Full-porcelain dental crowns
Some dental crowns are fabricated in a manner where their full thickness is porcelain (dental ceramic). These crowns can possess a translucency that makes them the most cosmetically pleasing of all of the different types of dental crowns.
Although they can be very life like in appearance, the overall strength of all-porcelain dental crowns is less than other types of crowns. While they can be a good choice for front teeth, due to the hefty chewing and biting forces that humans can generate, all-porcelain dental crowns may not be the best choice for back teeth. Your dentist's judgement will be required on this point.
Porcelain-fused-to-metal dental crowns
Porcelain-fused-to-metal dental crowns are somewhat of a hybrid between metal crowns and porcelain crowns. When they are made the dental technician first makes a shell of metal that fits over the tooth. A veneering of porcelain is then fused over this metal (in a high heat oven), giving the crown a white tooth-like appearance. Depending on the requirements of your situation, these crowns are sometimes made where the porcelain veneer only covers those aspects of the crown that is readily visible (meaning the other portions of the crown have a metal surface). In other cases these crowns are pretty much fully surfaced with porcelain.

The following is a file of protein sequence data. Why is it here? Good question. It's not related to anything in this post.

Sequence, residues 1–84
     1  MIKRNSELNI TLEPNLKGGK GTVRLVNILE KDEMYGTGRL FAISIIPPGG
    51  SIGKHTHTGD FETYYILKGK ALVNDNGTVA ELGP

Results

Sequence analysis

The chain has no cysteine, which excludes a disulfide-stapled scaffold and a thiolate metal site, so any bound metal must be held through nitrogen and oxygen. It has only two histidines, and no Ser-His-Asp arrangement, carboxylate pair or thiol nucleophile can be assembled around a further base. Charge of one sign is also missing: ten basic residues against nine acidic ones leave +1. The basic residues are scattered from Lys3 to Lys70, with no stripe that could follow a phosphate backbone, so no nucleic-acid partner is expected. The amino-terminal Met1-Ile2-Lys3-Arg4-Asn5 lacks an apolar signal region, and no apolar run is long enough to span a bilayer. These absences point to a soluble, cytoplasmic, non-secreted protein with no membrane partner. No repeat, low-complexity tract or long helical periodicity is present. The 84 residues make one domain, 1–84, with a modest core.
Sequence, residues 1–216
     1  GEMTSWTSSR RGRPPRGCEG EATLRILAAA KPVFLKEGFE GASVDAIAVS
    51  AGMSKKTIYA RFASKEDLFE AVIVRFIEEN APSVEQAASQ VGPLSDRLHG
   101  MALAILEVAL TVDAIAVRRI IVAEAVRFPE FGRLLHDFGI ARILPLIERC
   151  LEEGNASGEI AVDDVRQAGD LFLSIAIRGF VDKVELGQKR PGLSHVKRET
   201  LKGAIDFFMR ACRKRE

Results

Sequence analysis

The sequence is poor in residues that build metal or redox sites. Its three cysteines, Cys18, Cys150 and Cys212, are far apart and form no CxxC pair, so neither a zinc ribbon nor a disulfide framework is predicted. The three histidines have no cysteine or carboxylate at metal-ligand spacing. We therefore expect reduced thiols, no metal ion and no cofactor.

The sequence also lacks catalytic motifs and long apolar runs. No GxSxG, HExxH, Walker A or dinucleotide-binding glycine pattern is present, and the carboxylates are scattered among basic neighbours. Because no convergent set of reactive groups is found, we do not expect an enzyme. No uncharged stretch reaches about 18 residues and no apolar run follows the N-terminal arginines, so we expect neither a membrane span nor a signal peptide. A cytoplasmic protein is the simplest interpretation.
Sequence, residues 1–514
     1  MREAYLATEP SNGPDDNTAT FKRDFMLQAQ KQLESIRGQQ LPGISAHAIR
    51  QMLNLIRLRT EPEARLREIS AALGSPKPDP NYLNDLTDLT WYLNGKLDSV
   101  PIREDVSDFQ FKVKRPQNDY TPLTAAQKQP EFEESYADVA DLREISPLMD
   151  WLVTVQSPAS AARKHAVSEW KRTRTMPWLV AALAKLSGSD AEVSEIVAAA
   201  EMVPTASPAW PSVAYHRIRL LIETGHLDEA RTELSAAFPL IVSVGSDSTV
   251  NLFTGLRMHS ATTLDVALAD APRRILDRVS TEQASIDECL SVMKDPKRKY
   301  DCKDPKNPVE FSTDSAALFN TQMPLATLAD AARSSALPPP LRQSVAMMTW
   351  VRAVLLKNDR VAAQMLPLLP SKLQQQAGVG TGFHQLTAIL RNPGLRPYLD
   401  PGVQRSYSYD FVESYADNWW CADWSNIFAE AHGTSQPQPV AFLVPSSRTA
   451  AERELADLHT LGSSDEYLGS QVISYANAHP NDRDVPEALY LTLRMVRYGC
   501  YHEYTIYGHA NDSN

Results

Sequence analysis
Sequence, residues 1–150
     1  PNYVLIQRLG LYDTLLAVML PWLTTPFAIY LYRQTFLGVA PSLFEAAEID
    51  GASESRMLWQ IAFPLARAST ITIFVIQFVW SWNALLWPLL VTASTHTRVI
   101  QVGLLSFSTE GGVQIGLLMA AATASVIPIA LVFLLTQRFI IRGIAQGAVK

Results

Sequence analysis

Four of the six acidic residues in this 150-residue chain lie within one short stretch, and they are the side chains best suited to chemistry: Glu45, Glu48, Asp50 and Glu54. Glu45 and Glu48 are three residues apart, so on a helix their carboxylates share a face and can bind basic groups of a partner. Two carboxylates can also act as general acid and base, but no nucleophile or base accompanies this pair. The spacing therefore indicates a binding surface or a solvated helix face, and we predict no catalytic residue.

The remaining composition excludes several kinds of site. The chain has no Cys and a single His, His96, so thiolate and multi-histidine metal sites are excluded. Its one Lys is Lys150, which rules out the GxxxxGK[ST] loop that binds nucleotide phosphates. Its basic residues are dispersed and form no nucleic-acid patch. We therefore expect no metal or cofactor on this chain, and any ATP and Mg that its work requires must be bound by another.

Porcelain-fused-to-metal dental crowns can be a good choice for either front or back teeth. These crowns are strong enough to withstand heavy biting pressures and at the same time can have an excellent cosmetic appearance. There are some disadvantages associated with porcelain-fused-to-metal crowns however (which no doubt your dentist will try to minimize as much as is possible). They are:
- While the cosmetic appearance of these crowns can be excellent, they often are not as pleasing aesthetically as all-porcelain dental crowns.
- The crown's porcelain can chip or break off.
- The porcelain surface of the crown can create wear (sometimes this wear is significant) on those teeth that it bites against.
- The metal that lies underneath a crown's porcelain layer can sometimes be visualized as a dark line found right at the crown's edge. A dentist will usually try to position this dark edge just underneath the tooth's gum line but if a person's gums recede this dark line can show, thus spoiling the crown's appearance.